As these figures indicate, a content of Cr O more than 20 mol% causes the resultant semiconductor to have a resistivity of over 100 MO and to become an unsuitable moisture sensitive element. All the above being considered, it is apparent that the upper limit of ZnO content is 89.9 mol%. Particularly, a mixture of 60 mol% of ZnO, mol% of Cr O and 30 mol% of the third metal oxide can make a highly desirable moisture sensitive element.

The moisture sensitive element of this invention may be prepared in the following manner. Raw metal oxides accurately weighed out in prescribed amounts are mixed together in a ball mill and presintered at a relatively low temperature, for example, at 600 to 900C. The presintered mass is pulverized into powder. The raw materials used may be metal compounds such as a hydroxide, carbonate and oxalate which can be converted to the oxide upon heating.

The powder thus obtained is mixed with a binder such as polyvinyl alcohol, and the mixture is shaped, under a pressure of about I00 to 1,000 kg/cm into, for example, a plate having a width of 10 mm, a length of mm and a thickness of l mm. The plate is sintered at about 1,000 to 1,300C generally in air. During sintering, it is kept at a maximum temperature for l to 5 hours.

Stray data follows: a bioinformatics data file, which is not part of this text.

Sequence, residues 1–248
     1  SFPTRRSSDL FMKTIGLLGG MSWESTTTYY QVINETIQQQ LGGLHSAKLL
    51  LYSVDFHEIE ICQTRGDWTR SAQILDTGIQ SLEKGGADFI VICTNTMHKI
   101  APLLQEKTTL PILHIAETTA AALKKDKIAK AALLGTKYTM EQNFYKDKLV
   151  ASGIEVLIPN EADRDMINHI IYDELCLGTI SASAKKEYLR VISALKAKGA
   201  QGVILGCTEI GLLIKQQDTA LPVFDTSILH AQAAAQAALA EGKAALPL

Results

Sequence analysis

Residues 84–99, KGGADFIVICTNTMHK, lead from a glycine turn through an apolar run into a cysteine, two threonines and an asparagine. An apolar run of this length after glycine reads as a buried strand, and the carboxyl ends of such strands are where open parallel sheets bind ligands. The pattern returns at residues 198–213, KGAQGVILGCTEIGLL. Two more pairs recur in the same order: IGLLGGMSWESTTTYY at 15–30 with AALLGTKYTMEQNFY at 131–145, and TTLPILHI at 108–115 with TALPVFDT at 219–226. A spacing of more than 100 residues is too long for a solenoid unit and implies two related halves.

The moisture sensitive element prepared as above is constructed in, for example, a humidity measuring device as shown in FIG. 6. In the figure, numeral 1 denotes the moisture sensitive element of the invention, and numerals 2 and 3 electrodes made of material such as a high-temperature baking silver paint which well adheres to and has a little contact resistance with the element 1.

The moisture sensitive element of the invention, though unexpectedly composed of the oxide semiconductor, has its resistivity hardly changed with temperature. Further, it exhibits such an excellent aging property that its resistivity varied within only several percents even it has been used for a long period of time. Its resistivity variation accompanying with its aging is negligibly small as mentioned above. The element is therefore practically satisfactory. Furthermore. it responds to humidity variation far morequickly than a prior art element. Its sensitivity or responding speed is such that it responds in about 10 seconds to O-to-l00 percent humidity change, and in 2 seconds after a humidity change of 3:20 percent. A prior art element responds in about 40 seconds and in 5 to 7 seconds to O-to-lOO percent and 'i20 percent humidity changes, respectively. With respect to the element of the invention no or little difference occurs between the plotted value of resistivity measured by a decreasing humidity and that measured conversely by increasing humidity. In addition the element of the invention can be manufactured economically since the raw materials used are obtained cheeply.